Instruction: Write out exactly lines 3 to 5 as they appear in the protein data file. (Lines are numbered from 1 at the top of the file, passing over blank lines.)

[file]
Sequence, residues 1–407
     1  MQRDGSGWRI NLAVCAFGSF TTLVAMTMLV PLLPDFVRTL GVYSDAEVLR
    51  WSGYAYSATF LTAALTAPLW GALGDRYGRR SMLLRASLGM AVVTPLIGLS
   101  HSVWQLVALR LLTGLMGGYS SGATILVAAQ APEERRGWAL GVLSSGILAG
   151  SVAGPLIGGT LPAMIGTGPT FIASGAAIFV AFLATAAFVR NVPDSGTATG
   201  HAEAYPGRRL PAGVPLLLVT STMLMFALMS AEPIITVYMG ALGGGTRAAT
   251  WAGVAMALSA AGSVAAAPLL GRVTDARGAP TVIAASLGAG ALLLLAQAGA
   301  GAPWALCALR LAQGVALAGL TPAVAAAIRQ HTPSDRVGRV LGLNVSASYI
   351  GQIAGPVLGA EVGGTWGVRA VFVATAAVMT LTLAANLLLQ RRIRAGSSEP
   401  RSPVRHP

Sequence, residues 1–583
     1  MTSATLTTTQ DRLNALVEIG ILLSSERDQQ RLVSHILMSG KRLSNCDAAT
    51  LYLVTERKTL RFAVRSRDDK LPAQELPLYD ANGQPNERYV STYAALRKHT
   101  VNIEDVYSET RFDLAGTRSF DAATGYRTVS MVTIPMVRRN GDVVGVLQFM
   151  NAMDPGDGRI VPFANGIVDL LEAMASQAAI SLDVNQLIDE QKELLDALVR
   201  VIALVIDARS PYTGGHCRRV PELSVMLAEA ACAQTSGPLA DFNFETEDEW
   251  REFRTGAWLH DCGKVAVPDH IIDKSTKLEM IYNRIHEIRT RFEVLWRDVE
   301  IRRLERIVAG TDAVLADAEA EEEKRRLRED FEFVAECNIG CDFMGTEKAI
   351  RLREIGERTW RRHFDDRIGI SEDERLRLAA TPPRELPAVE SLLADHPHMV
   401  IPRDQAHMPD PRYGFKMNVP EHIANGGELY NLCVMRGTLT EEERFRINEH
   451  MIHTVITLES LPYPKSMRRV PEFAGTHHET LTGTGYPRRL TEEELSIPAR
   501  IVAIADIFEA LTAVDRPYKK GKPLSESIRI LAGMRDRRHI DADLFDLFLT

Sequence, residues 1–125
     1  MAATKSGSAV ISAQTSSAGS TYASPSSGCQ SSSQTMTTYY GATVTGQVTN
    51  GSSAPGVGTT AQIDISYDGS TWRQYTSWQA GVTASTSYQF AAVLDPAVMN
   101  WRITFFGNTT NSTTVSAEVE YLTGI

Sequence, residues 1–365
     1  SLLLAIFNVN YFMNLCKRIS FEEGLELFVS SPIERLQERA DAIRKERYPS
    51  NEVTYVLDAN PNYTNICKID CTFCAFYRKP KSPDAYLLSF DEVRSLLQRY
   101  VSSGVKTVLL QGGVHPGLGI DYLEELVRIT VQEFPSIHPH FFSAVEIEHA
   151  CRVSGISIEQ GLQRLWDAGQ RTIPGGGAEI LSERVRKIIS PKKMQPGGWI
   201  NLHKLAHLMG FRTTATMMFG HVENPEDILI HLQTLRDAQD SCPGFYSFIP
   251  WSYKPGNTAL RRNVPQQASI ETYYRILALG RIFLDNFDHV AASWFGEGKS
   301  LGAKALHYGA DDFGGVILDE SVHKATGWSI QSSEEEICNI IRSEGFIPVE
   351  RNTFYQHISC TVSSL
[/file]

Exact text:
    51  WSGYAYSATF LTAALTAPLW GALGDRYGRR SMLLRASLGM AVVTPLIGLS
   101  HSVWQLVALR LLTGLMGGYS SGATILVAAQ APEERRGWAL GVLSSGILAG
   151  SVAGPLIGGT LPAMIGTGPT FIASGAAIFV AFLATAAFVR NVPDSGTATG